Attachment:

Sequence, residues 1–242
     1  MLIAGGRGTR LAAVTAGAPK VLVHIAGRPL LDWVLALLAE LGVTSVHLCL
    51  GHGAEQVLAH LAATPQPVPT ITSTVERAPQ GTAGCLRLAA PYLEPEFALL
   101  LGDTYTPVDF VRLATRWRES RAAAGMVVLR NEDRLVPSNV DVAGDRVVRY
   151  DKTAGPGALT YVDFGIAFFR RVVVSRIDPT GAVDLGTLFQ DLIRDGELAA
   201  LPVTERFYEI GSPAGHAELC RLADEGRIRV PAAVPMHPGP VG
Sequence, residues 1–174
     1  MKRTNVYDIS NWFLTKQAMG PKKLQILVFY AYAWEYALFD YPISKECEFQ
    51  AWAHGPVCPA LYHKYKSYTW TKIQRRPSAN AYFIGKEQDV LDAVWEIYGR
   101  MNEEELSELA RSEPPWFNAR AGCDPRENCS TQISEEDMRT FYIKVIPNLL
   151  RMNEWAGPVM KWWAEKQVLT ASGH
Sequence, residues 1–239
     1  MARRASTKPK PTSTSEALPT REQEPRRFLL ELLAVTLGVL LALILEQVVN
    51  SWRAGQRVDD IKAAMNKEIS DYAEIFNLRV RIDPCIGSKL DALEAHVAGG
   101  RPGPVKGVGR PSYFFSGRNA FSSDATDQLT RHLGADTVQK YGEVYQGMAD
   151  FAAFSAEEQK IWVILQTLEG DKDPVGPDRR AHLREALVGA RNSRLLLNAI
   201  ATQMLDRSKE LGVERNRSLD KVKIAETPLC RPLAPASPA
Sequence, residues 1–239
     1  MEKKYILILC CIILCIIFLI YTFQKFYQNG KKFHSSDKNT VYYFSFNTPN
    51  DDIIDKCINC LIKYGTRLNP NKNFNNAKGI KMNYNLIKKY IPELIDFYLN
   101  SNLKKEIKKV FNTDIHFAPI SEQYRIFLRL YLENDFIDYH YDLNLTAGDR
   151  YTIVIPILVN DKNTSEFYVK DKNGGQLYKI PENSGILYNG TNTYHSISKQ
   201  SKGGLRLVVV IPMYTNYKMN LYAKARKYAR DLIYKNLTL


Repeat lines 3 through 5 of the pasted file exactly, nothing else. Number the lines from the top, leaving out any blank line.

    51  GHGAEQVLAH LAATPQPVPT ITSTVERAPQ GTAGCLRLAA PYLEPEFALL
   101  LGDTYTPVDF VRLATRWRES RAAAGMVVLR NEDRLVPSNV DVAGDRVVRY
   151  DKTAGPGALT YVDFGIAFFR RVVVSRIDPT GAVDLGTLFQ DLIRDGELAA